“The teacher who is indeed wise does not bid you to enter the house of his wisdom but rather leads you to the threshold of your mind.”
Needless to say, I didn't lose any weight this week. I had several weeks of big (and 1 week of HUGE) losses, so this can be normal for me, but if I'm honest with myself, my eating wasn't the best this week. I've been on staycation, and I made the mistake of ordering from my favorite pizza place, Pizza Luce, when I was really hungry. I knew I was going to order from them, but my eyes were much bigger than my stomach when placing the order. I ordered too much food as it was, and they threw in a free lasagna. Who am I to argue with their generosity? I couldn't eat all the food in one sitting; better yet, I was physically incapable of doing so, unlike in the past. I had garlic mashed potato pizza for a couple of days, and the lasagna the next day. I had also ordered an extra Vegan Peanut Butter Bar, one of my favorite treats, and I had that the next day, too. I enjoyed every single bite of all of the food.
Pizza Luce's Garlic Mashed Potato Pizza. Yes, the trip to Minneapolis is worth it just for this. Image from pizzaluce.com.
Pizza Luce's Vegan Peanut Butter Bar. Sorry about the food porn--NOT! Image from http://www.downhomevegan.com/2010/11/no-mo
On the other hand, eating over my calories over a couple of days seems to stimulate losses in subsequent weeks. This may be because my muscles get some extra carbs and protein to recover from bad-ass workouts (to be covered in another blog about metabolic flexibility), and are more primed to burn fat. If I didn't burn 6,000+ calories a week, I would feel guilty about the overeating. Over the next couple of weeks of eating normally, it will balance out (I think in the longer long-term when it comes to calories in-calories out). Additionally, I have some clear definition showing in my abs, which is probably thanks to kickboxing.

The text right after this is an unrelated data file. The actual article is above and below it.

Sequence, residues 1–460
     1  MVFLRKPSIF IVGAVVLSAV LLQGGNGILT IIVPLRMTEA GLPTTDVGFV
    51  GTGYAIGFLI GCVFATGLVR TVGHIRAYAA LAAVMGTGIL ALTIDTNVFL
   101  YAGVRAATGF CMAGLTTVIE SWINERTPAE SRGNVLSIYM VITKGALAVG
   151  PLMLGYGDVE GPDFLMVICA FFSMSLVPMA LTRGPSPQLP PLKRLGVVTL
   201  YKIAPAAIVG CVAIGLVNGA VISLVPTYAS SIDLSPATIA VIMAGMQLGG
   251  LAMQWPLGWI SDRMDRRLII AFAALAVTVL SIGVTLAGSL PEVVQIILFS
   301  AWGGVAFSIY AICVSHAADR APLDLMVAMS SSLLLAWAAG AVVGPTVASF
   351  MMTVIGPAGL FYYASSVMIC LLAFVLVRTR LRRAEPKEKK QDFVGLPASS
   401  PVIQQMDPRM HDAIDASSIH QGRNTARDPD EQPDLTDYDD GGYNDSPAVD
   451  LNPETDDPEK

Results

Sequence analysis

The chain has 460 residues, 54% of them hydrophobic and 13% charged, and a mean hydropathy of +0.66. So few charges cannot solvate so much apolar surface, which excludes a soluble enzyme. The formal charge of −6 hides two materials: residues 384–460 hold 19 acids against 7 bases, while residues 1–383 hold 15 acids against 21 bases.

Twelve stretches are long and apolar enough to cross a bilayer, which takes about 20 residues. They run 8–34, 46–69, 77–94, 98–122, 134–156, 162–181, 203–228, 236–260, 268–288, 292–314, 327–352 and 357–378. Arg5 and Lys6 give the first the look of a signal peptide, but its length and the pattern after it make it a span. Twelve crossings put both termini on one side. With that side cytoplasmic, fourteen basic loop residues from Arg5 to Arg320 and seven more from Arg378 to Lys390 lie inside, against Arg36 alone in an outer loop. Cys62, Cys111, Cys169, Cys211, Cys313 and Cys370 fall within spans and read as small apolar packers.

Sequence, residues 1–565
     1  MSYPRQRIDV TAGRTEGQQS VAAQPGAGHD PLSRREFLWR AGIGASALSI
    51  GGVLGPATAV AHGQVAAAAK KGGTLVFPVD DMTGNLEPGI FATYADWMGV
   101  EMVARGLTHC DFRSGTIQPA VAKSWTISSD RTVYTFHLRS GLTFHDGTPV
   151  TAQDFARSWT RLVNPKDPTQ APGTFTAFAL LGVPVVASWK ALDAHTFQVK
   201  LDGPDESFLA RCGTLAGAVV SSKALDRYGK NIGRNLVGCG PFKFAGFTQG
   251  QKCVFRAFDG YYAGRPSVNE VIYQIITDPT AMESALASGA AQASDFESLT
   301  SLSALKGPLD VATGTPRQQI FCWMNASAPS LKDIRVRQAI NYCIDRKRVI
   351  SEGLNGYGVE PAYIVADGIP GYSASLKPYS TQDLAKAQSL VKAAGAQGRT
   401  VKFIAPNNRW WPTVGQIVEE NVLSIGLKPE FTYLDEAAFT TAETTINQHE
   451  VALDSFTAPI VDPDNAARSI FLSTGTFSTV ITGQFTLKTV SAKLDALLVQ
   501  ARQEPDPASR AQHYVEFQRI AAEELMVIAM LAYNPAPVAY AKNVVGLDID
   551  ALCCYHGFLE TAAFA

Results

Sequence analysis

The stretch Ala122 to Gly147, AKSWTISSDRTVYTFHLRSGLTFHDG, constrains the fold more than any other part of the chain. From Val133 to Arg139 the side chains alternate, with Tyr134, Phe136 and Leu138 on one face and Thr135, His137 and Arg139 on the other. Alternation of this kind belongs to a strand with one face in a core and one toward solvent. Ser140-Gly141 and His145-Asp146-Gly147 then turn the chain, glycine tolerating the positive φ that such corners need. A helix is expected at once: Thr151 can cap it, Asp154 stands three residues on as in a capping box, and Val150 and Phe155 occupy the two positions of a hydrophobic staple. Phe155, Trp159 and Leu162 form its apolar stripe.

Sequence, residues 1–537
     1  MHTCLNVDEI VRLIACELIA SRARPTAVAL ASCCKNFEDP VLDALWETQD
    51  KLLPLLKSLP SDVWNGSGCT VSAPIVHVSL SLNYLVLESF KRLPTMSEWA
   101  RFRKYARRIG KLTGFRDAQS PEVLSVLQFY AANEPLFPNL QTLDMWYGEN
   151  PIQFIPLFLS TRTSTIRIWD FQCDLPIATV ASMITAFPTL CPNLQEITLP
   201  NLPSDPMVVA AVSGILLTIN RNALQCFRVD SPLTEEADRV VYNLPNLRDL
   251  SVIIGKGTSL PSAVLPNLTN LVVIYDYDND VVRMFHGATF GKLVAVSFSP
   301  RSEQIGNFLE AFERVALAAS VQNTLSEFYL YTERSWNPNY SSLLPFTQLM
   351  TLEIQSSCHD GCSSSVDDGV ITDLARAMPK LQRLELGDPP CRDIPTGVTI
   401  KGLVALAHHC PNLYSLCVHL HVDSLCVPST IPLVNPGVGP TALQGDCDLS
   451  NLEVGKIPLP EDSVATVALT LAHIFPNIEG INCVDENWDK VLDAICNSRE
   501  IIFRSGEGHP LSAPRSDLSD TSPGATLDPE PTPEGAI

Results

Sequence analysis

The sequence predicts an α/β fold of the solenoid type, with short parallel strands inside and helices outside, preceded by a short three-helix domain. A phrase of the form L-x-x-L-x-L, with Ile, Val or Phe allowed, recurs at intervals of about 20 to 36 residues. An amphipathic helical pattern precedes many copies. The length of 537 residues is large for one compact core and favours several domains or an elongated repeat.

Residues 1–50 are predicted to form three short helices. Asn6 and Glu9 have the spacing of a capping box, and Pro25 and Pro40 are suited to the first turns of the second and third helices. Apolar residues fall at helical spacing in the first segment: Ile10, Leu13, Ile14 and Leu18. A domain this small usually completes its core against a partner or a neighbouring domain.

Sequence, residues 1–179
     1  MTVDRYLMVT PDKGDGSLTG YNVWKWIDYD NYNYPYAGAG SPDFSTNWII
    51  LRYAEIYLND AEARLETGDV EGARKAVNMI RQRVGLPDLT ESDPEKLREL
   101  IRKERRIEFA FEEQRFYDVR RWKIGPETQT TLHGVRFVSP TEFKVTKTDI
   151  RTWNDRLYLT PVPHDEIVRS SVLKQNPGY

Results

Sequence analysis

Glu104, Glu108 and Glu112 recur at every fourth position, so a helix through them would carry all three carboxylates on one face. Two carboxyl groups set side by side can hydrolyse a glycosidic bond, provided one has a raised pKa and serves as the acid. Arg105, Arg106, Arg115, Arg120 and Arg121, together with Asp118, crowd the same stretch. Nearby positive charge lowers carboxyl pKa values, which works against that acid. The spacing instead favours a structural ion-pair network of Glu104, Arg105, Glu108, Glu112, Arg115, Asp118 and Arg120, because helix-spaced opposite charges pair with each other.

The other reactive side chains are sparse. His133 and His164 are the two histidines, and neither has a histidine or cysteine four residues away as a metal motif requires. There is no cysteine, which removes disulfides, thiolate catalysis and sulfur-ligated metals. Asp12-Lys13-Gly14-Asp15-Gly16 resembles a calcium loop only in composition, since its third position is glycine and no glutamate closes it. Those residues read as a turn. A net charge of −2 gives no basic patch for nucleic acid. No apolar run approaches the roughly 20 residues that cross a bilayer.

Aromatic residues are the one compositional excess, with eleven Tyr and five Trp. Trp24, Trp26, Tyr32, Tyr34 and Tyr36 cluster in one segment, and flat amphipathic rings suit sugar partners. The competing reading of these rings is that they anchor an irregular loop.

"You better cut the pizza in four pieces because I'm not hungry enough to eat six."
Overall, I had an awesome and relaxing staycation. I did what I wanted, and that included some purposeful overeating, and also included a whole lot of exercise. I spent quite a bit of time spacing out. I didn't do much structured activity beyond my kickboxing classes, but I needed it. The weekly summer staycation is going to be a tradition from now on. I did it last year (actually, I took a whopping 2 weeks off, but my work has now made it very difficult to get any days off, let alone 2 weeks in a row), and I find it gives me something to really look forward to, even months ahead of time.
While this was not the best week for weight loss, I was very active, caught up with friends, had a good week of sax playing, and hopefully helped bring my brother closer to coming out of his shell. Tickets for "Ultimate Sibling Rivalry" go on sale later.
Get An Email Alert Each Time CATS_MEOW_0911 Posts